Myths About Frozen Foods You Need to Stop Believing
Myth #1: Fresh food is healthier than frozen food - "not" here is why!
Fresh is best, unless frozen is available. That’s right: frozen food is just as—and in some cases more—nutritious than fresh varieties.
Fresh food is often picked before the fruit or vegetable is ripe, then packaged, shipped, and stocked. The time from harvesting to your plate could be days, even more than a week. During that time, the food loses nutrients. In fact, fresh foods typically lose most of their nutrients—vitamins and minerals in particular—in the three days post picking.
Frozen food, however, is harvested at peak ripeness and flash-frozen within hours.
A 2013 University of Georgia study looked at the level of nutrients in fresh and frozen food at the time of purchase and five days later. The day they are purchased, both frozen and fresh food are nutritionally similar. After five days in the fridge, the fresh had less vitamin A, vitamin C, and folate than the frozen.
Myth #2: All frozen food is high in sodium.
If you do not see sodium or sodium chloride on the label, all the salt comes from the food in the meal.
We at Roast Kings use Isle of Wight salt harvested from the shores around the Island by hand in poly tunnels.
Myth #3: Refreezing previously frozen food is bad.
You could refreeze foods you thawed—that is, if you thawed them properly in the first place.
Frozen foods that were thawed in the fridge or temperature-controlled boxes and not on the counter can be returned to the freezer.
If you thawed the food on the counter (a serious no-no!), the food cannot be returned to the freezer safely. In fact, you might want to consider throwing it out entirely. Find out how long you can safely leave food on the counter.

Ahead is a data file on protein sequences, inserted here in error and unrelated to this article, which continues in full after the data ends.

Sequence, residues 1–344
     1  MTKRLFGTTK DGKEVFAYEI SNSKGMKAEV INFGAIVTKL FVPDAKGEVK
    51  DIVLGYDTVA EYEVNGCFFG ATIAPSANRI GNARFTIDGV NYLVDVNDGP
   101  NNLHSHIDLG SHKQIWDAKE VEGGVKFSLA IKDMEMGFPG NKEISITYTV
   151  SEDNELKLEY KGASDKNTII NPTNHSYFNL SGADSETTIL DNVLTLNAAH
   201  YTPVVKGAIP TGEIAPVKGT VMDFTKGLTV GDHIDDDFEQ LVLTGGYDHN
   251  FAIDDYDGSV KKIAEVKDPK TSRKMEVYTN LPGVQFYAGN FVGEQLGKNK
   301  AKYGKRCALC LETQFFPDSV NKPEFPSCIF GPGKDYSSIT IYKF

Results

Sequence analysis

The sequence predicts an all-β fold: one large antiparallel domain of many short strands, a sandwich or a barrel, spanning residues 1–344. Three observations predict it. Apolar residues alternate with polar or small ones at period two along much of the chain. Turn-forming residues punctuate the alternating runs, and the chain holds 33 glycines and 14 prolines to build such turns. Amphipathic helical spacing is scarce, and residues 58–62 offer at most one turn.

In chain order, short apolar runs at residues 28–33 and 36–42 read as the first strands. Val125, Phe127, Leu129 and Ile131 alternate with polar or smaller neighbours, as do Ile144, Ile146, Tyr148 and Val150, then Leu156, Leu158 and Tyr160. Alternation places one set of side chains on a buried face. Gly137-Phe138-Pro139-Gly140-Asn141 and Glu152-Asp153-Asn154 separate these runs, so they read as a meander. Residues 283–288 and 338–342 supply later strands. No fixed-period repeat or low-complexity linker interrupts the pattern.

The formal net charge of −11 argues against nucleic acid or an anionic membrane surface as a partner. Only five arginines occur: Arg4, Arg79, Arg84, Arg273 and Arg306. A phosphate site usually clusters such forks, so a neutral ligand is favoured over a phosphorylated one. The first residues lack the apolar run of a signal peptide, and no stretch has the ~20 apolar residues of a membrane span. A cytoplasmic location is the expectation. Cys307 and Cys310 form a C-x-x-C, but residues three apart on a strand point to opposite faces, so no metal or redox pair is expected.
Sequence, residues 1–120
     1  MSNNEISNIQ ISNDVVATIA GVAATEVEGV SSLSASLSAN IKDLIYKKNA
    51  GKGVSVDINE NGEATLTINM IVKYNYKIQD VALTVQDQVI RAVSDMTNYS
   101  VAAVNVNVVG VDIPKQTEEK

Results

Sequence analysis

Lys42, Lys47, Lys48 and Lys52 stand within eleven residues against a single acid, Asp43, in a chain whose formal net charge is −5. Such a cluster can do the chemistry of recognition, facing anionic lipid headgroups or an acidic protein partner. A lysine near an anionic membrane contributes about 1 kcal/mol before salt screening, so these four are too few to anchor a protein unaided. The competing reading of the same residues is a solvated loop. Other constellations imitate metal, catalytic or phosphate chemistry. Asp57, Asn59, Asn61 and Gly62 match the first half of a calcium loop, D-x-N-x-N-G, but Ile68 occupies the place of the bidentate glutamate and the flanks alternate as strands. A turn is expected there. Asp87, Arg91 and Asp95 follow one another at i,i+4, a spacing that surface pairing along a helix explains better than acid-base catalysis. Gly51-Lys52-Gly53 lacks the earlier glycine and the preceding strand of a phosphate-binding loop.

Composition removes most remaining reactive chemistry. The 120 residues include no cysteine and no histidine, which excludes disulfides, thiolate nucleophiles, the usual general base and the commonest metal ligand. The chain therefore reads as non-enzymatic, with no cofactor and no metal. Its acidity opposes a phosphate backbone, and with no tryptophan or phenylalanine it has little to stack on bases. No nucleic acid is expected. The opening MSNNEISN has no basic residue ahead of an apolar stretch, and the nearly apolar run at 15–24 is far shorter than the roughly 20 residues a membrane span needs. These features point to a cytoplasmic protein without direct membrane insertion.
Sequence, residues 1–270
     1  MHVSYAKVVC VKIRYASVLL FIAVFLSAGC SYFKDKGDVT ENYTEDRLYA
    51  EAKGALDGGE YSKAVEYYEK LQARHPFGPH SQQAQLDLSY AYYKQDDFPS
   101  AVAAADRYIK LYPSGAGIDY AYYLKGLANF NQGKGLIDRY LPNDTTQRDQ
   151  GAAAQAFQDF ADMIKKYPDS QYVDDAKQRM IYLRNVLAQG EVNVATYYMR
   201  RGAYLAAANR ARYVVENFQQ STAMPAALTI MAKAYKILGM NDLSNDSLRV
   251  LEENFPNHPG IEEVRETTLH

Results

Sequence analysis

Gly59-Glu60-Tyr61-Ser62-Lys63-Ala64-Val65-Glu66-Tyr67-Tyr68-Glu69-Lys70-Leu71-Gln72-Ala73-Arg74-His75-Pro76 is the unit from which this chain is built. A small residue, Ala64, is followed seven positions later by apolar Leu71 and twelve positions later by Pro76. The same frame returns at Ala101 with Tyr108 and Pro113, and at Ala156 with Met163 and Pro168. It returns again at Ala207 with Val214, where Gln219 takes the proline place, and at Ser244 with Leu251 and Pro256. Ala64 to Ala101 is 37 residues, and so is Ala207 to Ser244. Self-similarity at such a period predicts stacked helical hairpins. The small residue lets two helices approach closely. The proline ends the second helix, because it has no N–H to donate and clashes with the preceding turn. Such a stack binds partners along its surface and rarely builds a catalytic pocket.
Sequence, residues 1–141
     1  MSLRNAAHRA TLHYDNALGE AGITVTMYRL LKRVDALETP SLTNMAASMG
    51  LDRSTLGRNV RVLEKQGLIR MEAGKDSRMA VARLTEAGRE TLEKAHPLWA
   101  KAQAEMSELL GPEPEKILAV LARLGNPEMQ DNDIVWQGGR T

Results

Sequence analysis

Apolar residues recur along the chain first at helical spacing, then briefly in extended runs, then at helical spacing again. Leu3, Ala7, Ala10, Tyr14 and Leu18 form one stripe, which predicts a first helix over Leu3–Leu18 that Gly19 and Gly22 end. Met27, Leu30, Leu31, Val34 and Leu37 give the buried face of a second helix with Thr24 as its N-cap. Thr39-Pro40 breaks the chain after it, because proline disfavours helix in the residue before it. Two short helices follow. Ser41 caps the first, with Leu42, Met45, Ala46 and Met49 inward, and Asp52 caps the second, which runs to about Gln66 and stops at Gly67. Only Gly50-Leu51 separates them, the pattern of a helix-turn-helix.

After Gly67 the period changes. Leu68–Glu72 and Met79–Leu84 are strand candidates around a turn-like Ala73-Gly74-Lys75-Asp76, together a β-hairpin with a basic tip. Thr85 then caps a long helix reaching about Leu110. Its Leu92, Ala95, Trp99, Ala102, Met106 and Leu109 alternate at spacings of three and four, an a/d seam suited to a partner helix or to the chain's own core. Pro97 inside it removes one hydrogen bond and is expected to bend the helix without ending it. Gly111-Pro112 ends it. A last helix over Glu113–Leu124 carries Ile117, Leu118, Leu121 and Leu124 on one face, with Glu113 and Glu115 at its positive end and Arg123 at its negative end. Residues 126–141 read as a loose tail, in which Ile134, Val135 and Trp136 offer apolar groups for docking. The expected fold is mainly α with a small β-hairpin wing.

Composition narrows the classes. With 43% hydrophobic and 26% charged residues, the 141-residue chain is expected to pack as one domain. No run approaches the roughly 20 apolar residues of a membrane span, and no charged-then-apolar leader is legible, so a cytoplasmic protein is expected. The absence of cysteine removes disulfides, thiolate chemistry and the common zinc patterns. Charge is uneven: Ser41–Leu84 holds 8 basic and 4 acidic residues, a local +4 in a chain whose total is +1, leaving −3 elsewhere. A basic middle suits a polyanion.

When food sits out in the “danger zone” (4°C - 21°C) for more than two hours, it is a bacteria bonanza. At this temperature, bacteria grow rapidly. That could leave you sick from any number of bacteria that live and multiply on raw meats, including E. coli and salmonella.
So, when unpacking your boxes and if your meals are a tad thawed out you are fine to refreeze them or refrigerate them.
Myth #4: Frozen food expires.
If you have been horrified to find frozen corn or strawberries from your high school days in your parents’ freezer, you should not be. Truly, food can be saved indefinitely if it is stored at 0°C or below the entire time.
We do advise 5months on all Roast Kings Meals though.
Myth #5: You can’t freeze eggs
But you can freeze eggs. If you purchased too many or your backyard hen was too prolific for your family’s appetite, crack the eggs, and beat the yolk and whites together. Then you can freeze them for future use.
Myth #6: Frozen food is more expensive
Is a potato or two cheaper than a package of frozen mashed potatoes or French fries? Likely. There is a markup for the prep and freezing process. But frozen foods can be a budget-savvy way to eat healthy foods or quick dinners without forking out big bucks for out-of-season produce or restaurants meals.
Packaged frozen dinners are often much healthier than a takeout or delivery.
Myth #7: Freezing food kills bacteria
Bacteria is most active between 4°C and 60°C, but it does not die below 40°C. Instead, it becomes inactive. The colder temps do not eliminate the risk of any bacteria that might have been present when you popped the food in the freezer.
Food safety issues still apply when you are packing foods for the freezer. Wash your hands, use clean surfaces, and try not to cross-contaminate between surfaces to keep your foods safe now and for the future.
Keep foods safe from bacterial growth when you thaw them, too, by defrosting them in the fridge, not on the counter or sink. So reheating at 180°C will kill if any bacteria just happened to pop in your meals.
Myth #8: All frozen food is highly processed.
Absolute Bolly Toggle Nonsense – Roast Kings do not even use any preservatives.